Sore vs. Pain
Athletes in particular are accustomed to soreness and aches and pains, but how do you know when soreness is a more serious problem that could indicate an injury?
Length of Time Matters
The key thing to note when differentiating between soreness and pain is time. Natural soreness from physical activity has a much shorter duration of time- typically a few days.
Soreness should last anywhere from one to three days, whereas pain may come on quickly while engaged in physical activity or shortly after. Pain will typically linger past three days and make it difficult to partake in normal, daily activities.
“When soreness is accompanied by sharp pains or aches that continue to linger on after a few days, it may be cause for concern and time to see a physician,” says Rebound physical therapist Mike Baer. “When you’re feeling painful sensations localized in your joints and muscles, you may have an injury.”
It is important to note that each individual’s body reacts differently to the stresses of physical activity.
Post-Activity Pain vs. Soreness
After strenuous exercise, or exercise after a hiatus from physical activity, it is natural to experience muscle soreness. Typically, muscles are tender to the touch or burn slightly with movement.
“During exercise, we fatigue our muscles, and the effects usually aren’t felt until a day or two afterward,” says Baer. “Micro tears in the muscle occur during exercise, which is what causes the dull aches, soreness and muscle weakness. Most people feel a peak of soreness the following day, and the discomfort gradually goes away.
A red flag indicator of injury is when discomfort and sharp pain are persistent, whether you’re resting or active.”
If the pain persists past one to two weeks, or is immediate and severe, you may have damaged muscles, tissues or joints
Ways to Stay Ahead of Soreness
“Some of the best things you can do to manage soreness include knowing your body’s limits, conditioning your body for the activity ahead and stretching post-workout,” says Baer.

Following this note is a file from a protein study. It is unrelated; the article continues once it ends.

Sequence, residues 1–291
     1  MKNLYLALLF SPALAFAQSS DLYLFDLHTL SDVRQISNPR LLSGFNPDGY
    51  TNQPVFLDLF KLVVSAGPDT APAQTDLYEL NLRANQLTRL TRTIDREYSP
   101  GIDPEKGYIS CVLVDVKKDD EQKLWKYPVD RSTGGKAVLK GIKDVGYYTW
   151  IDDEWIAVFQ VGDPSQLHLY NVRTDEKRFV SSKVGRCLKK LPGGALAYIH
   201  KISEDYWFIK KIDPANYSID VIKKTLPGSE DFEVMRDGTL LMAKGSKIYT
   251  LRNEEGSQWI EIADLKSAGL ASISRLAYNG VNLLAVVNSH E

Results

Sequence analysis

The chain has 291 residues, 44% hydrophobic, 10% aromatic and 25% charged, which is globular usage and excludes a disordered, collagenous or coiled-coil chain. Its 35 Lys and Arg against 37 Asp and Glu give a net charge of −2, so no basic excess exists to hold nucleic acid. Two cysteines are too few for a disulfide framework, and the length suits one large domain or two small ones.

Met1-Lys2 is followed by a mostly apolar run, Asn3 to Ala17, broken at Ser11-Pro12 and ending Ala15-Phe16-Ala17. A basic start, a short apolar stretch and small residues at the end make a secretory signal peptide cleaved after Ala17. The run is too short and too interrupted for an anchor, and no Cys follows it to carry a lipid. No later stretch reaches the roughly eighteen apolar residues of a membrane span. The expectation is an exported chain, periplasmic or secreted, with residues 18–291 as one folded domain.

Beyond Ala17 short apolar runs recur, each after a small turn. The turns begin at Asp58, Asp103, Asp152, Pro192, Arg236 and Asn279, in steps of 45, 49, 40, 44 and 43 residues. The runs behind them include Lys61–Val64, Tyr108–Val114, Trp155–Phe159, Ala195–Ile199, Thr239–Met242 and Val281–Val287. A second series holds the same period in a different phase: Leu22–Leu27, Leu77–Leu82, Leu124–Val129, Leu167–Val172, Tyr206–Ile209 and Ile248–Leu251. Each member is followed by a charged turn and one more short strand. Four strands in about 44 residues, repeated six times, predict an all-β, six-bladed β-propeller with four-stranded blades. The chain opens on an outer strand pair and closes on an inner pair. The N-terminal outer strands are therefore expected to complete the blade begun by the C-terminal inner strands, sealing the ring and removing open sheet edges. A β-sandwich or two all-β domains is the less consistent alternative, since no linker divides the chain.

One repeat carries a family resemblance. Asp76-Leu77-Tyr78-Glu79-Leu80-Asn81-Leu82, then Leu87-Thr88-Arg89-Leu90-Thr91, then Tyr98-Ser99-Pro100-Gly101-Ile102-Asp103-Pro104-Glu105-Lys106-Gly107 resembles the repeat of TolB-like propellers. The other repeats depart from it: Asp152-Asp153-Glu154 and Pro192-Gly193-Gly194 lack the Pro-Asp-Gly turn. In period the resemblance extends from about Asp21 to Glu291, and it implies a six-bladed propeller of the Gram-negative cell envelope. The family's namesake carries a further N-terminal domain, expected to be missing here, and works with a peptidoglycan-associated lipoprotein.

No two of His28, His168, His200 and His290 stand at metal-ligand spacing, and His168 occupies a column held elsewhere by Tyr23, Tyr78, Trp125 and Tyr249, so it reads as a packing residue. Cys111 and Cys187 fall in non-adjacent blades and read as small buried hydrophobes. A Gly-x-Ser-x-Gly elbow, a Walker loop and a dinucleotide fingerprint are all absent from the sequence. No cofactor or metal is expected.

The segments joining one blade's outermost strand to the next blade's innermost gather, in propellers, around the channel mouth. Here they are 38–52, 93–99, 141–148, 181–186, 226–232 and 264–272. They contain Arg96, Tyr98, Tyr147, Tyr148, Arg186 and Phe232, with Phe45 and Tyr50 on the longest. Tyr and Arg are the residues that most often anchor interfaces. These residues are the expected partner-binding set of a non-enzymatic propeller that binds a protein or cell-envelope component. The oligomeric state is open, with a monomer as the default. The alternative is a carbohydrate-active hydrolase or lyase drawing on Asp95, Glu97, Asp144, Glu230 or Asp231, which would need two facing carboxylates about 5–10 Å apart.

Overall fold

In addition, rest, hydration and proper nutrition play important roles in helping muscles recover.
Alternating activity types and allowing days of rest are key in helping your body stay ahead of soreness and avoid pain and injury.
Ways to Relieve Pain
Ice & Heat Therapy
Ice and heat therapy can often help relieve pain, depending on the severity of the injury, when done properly.
“Ice should be applied to an acute or new injury, like a muscle or joint sprain,” says Baer. “Ice helps constrict blood vessels to reduce swelling and pain.”
With ice therapy, you should be cautious about the amount of time you spend icing the injury. Best practice is to limit sessions to 20 minutes to avoid causing tissue or skin damage.
“Heat is typically used for chronic pain or conditions, old injuries and stiffness,” says Baer. “Heat therapy is beneficial for stiff joints and muscle pain because it allows blood vessels to relax and increases circulation- having the opposite effect of ice therapy. Heat can be very soothing for tight muscles and painful joints, but we do not recommend applying heat to a fresh injury.”
With heat therapy, limit sessions to 20 minutes and be mindful to the level of heat/how it is administered to avoid blisters and burns.
“When it comes to persistent pain that does not dissipate in one to two weeks, it is best to identify the problem as quickly as possible by visiting with a physician or physical therapist,” says Baer.
Physical therapy can help you identify the body mechanics that led to the injury, help you manage pain and learn ways to overcome injury and prevent future injury. A physical therapist will work with you to create a recovery plan that suits your needs and focuses on conditioning and strengthening your muscles and joints.
If you are experiencing prolonged pain, please do not hesitate to consult with a Physical Therapist.
Blog Post Credit: Rebound MD